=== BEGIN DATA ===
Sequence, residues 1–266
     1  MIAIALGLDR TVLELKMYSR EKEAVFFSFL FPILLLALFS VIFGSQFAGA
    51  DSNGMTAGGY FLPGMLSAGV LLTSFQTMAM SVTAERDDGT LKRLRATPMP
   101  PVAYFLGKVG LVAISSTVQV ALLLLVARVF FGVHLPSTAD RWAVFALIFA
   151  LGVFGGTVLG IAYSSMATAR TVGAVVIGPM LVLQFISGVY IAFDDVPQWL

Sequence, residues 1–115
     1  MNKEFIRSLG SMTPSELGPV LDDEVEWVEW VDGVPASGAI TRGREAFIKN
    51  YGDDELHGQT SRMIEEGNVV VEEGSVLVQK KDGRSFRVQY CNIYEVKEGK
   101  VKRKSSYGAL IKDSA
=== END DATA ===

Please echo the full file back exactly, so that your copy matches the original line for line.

Sequence, residues 1–266
     1  MIAIALGLDR TVLELKMYSR EKEAVFFSFL FPILLLALFS VIFGSQFAGA
    51  DSNGMTAGGY FLPGMLSAGV LLTSFQTMAM SVTAERDDGT LKRLRATPMP
   101  PVAYFLGKVG LVAISSTVQV ALLLLVARVF FGVHLPSTAD RWAVFALIFA
   151  LGVFGGTVLG IAYSSMATAR TVGAVVIGPM LVLQFISGVY IAFDDVPQWL

Sequence, residues 1–115
     1  MNKEFIRSLG SMTPSELGPV LDDEVEWVEW VDGVPASGAI TRGREAFIKN
    51  YGDDELHGQT SRMIEEGNVV VEEGSVLVQK KDGRSFRVQY CNIYEVKEGK
   101  VKRKSSYGAL IKDSA